• Human rights,
  • von der Leyen,
  • Workers' rights


Day 2 of the hearings is over. Here are the five nominees that our MEPs grilled today – these are what we demand from them as our team assesses their individual merits for office.

Join us again on Wednesday!





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Integrity and transparency are the main themes for João Ferreira as he grilled Kyriakides about the influence of lobbyists and industries in the authorisation and licensing process of harmful pesticides in the EU:


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Just one hearing tonight with the Cypriot candidate, Stella Kyriakides, for the health brief – after the withdrawal of the Hungarian nominee László Trócsányi due to his dodgy finances. 

So, healthcare it is, and Czech MEP Kateřina Konečná wasted little time to get Kyriakides into committing for equal access to all citizens across the EU. Part of that means implementing the Health Technology Assessment , or HTA, who had been proposed by the Commission in 2018 and approved by MEPs in 2019 but currently remains blocked in the EU Council.


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On Wojciechowski, French MEP Manuel Bompard thinks he’s heard it all before… until he realised that he also heard nothing concrete!

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Luke ‘Ming’ Flanagan is not impressed either….


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Things are even worse over at the Agriculture hearing, with Janusz Wojciechowski proving to be either inept or incompetent (or both) in his brief. He had no answers on some of the very important issues whilst avoided others altogether. Even then, many of his replies were weak or simpy a repeat of the outgoing Commission.

No wonder Matt Carthy thinks a repeat hearing might be needed…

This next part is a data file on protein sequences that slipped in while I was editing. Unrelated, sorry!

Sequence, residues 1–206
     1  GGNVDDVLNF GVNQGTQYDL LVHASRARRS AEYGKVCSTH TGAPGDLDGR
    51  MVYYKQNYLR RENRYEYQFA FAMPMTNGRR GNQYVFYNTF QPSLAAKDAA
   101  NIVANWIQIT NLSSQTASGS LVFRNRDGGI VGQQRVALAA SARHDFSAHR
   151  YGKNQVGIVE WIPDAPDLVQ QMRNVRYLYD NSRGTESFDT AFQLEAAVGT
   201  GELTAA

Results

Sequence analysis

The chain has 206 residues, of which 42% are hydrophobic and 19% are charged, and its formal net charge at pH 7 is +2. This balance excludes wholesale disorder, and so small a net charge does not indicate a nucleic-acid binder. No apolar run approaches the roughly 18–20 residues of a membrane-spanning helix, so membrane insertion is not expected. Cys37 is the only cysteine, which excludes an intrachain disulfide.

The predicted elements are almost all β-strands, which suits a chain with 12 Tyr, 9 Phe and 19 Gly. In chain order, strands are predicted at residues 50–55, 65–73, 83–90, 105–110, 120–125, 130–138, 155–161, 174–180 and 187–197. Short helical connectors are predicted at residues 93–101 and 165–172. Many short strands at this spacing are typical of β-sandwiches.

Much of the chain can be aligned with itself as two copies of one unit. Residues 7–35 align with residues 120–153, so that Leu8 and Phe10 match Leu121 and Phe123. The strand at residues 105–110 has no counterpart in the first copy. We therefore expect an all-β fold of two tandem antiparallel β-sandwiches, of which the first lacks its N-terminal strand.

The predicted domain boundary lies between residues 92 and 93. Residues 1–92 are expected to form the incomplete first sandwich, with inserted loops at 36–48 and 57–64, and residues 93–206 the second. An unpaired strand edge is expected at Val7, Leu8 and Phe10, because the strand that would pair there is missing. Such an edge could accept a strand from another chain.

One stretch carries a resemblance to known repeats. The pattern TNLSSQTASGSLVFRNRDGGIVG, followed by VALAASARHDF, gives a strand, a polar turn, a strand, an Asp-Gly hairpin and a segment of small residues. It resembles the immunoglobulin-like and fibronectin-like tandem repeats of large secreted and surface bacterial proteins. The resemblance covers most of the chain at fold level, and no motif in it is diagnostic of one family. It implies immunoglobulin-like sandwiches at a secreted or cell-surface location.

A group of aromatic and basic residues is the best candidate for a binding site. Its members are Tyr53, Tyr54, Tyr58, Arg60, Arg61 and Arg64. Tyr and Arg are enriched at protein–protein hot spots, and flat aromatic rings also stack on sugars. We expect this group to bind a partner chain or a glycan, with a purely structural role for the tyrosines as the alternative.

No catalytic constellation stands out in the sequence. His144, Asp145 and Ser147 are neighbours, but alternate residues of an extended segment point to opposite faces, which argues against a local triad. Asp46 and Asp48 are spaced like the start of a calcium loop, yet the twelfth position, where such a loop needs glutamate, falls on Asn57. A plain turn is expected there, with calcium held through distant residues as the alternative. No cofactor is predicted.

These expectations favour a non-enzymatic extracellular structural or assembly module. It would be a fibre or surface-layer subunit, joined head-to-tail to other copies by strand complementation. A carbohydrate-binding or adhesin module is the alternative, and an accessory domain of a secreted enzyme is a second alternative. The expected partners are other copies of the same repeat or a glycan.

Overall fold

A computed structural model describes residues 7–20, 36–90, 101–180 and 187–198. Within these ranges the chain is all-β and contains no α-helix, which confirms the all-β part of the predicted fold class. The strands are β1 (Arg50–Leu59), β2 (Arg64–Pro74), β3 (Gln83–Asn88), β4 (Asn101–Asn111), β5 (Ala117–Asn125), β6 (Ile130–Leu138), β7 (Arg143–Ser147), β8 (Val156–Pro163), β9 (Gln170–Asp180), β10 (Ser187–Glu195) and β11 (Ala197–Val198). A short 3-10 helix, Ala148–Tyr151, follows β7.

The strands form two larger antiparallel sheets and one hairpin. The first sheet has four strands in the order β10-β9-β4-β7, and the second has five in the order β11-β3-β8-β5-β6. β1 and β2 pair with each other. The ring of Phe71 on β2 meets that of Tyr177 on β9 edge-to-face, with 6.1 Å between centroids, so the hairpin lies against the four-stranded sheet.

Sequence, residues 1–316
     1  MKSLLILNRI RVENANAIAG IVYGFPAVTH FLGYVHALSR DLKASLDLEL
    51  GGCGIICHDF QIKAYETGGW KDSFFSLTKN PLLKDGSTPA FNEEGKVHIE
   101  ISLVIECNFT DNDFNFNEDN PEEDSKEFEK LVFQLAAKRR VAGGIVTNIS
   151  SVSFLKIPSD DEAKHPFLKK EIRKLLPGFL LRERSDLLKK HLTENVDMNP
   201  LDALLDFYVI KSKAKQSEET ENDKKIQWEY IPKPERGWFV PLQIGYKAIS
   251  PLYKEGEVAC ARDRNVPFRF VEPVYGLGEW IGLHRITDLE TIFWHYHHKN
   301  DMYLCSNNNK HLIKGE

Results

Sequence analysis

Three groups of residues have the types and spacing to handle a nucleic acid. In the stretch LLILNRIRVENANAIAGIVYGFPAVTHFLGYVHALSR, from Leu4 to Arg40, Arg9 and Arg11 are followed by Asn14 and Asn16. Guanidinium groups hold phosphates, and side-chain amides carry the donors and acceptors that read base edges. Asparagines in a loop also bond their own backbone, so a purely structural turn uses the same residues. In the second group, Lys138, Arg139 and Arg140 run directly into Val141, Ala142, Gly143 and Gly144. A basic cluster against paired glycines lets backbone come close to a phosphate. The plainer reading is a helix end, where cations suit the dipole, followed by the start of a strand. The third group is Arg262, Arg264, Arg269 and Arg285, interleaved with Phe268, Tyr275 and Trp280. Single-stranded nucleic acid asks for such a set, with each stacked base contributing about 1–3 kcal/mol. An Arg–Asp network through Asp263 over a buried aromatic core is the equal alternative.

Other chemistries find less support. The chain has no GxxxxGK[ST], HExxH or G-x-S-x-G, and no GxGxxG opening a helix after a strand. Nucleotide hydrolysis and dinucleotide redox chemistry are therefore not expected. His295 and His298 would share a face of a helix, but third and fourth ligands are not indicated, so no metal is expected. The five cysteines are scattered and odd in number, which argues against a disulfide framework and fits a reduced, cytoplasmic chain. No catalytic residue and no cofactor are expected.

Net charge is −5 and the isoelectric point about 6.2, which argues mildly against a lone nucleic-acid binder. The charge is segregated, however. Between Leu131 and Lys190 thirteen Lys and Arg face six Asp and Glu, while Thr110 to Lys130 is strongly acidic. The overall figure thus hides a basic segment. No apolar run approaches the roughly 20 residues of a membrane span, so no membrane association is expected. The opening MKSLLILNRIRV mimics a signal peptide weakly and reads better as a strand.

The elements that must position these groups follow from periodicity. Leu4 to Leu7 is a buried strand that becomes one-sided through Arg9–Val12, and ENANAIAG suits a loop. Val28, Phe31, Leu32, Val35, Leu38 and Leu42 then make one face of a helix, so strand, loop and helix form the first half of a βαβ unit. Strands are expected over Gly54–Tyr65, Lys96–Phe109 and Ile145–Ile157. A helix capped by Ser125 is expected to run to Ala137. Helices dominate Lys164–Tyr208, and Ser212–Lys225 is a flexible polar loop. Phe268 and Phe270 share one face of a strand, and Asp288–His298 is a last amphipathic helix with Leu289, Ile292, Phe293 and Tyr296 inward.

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Some very weak answers from Ylva Johansson to our Swedish MEP Malin Björk. Whe interrogated on her thoughts and a promise to stop externalising the EU border to third countries by setting up process and reception centres in countries like Libya, Johansson was somewhat non-committal, even invasive.

We dare say that she even seemed out of her depth at times.



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With Brexit now less than one month away, Irish MEP Luke ‘Ming’ Flanagan has Irish beef farmers’ welfare at the top of his mind; losing access to the UK market would be a castarophe. He took up the issue – as well as antimicrobial resistance (AMR) which has come about due to intensive farming – with the Polish nominee, Janusz Wojciechowski, who was only cleared of fraud a few days before the hearing.


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Kicking off the afternoon session, a clueless Commissioner-designate… or is the question too tough?

Mind you, the Swedish nominee Ylva Johansson didn’t have much to say either on Conny Ernst MEP’s other question on home affairs priorities being given to ensure ‘necessary technological innovation’so that the EU can ‘deal with the new and emerging threats’ from terrorism and online content.

Johansson could not give specific examples on whether such ‘tecnological innovation’ do not violate our fundamental rights or the protection for fundamental rights.

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In the employment committee, French MEP Leïla Chaibi concentrated her questions on the workers who are on zero hours contracts, also known as the gig economy.

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Also asking Jutta Urpilainen questions was GUE/NGL co-president, Manon Aubry, who criticised the lack of action by the EU on multinationals which have acted with impunity over human rights violations committed abroad:

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In his grilling of the Finnish nominee, Jutta Urpilainen, Spanish MEP Miguel Urbán highlights Niger as one of the biggest recipients of EU development aid that is intimately linked to controlling the flow of migration to Europe – even though its regime has an appalling track record on human rights.



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In the employment committee, Danish MEP Nikolaj Villumsen is first to question Luxembourg’s nominee Nicolas Schmit in the jobs portfolio, and the issue that is of most concern for him is safeuguarding minimum wages agreements in Denmark and other Nordic nations:

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Three down, 23 to go…or is it 22? The original Hungarian nominee was disqualified but a replacement has quickly been found in the shape of the country’s current EU ambassador, Olivér Várhelyi. But no news on the Romanian replacement yet after Rovana Plumb was withdrawn over conflicts of interests.

It’s Day 2 of the Commissioner-designate hearings and you can relive Day 1 here.

This morning, it’s Nicolas Schmit for Jobs and Jutta Urpilainen for International Partnerships.

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